I blew up my chainsaw. Dang it anyway. I really liked that saw and it wasn’t that old. I know that I do use it quite a bit but I make sure to use the approved gas/oil ratio with preferred lubricant. Mike even uses it once in a while when he doesn’t want to start up one of his huge saws that he usually uses. But for some reason my saw lost all compression and I could not even start it.
Mike took it into the saw shop since it was still under warranty. They said the same things that any owner of a repair under warranty owner hears, “Gee, we sell hundreds of these and nobody else has a problem.”
Once they tore the saw apart and saw that the motor was toast they called the company and they heard that same line along with some new ones like, “It must be operator error. Did the operator read the entire owners manual?” The company seemed to be under the impression that I (as the owner) liked to rev the motor at full tilt without actually cutting wood, putting too much strain on the motor, and causing it to fail. Mike argued the point vehemently saying that I didn’t have time to do such nonsense. (Thank you so much for coming to my defense honey.)
Eventually the company gave the saw shop a new motor, but the shop had to do all the labor to put the motor in and put the whole saw back together.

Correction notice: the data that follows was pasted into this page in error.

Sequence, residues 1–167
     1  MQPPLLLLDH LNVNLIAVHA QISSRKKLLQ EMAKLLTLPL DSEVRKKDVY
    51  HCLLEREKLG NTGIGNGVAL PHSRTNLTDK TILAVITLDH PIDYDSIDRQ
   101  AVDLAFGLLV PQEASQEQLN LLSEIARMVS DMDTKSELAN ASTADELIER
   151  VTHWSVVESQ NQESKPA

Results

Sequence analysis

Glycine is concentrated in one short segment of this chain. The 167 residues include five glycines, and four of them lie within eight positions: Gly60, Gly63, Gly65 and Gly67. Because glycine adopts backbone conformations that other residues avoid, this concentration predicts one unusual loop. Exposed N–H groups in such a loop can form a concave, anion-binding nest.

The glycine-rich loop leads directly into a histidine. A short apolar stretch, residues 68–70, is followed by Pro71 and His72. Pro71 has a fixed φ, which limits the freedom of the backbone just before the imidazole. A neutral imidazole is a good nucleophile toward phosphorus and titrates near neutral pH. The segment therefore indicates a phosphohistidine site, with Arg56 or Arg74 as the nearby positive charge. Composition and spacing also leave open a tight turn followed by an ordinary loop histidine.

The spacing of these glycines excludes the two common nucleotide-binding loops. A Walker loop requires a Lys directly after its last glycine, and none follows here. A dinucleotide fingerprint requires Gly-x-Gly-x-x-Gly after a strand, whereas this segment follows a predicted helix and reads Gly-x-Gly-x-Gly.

It took about a week to get the saw repaired and now I have it back in my hot little hands. I just can’t get the thoughts of those comments out of my mind. Why would the company think that someone would rev up a saw and not cut anything? It that a fun thing to do? Am I missing out on something?
If I didn’t love my brand new motor in my good old friend, I might just be tempted to find out. Except for the fact that I don’t have time for such nonsense…
I normally don’t pay much attention to the national Happy Sappy Day. Life on the farm doesn’t take a holiday and cows, cats, dogs or trees do not care for frilly cards, decadent sweets or promises of everlasting devotion. Showing by doing is the motto around here.
While out in the barn bundling firewood, a natural heart showed up out of the pile of 16 inch wood blocks.
It was determined that the injury happened pre-mortem because the edges had sealed and formed a protective barrier around the edge of the heart.
It might have been simply because it was February 14 that the heart was noticeable and recognized, but it sure made me crave chocolate.
While the barn is used for hay storage and feeding for the yearling bulls, the empty half of the barn is used for bundling firewood.
Each use creates its own kind of mess and it is only about 10 feet between the two so we make an effort to keep the hay mess and the wood mess cleaned up as much as possible no matter which area we are working in.
It was a very stormy day and everyone was happy to be out of the weather. As we were working in the wood, Butler the dog was inspecting part of the haystack in search of vermin that like to move in this time of year, but he would always peek around the corner to make sure we were still working on the crib of wood that needed to be bundled. Both dog and barn were doing double duty on this winter day.